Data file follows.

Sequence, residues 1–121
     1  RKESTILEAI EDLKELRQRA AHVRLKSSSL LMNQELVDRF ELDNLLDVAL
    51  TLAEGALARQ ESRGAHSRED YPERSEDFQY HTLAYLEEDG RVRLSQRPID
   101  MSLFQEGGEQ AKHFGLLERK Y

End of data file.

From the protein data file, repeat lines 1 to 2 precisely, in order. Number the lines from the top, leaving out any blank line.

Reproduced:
Sequence, residues 1–121
     1  RKESTILEAI EDLKELRQRA AHVRLKSSSL LMNQELVDRF ELDNLLDVAL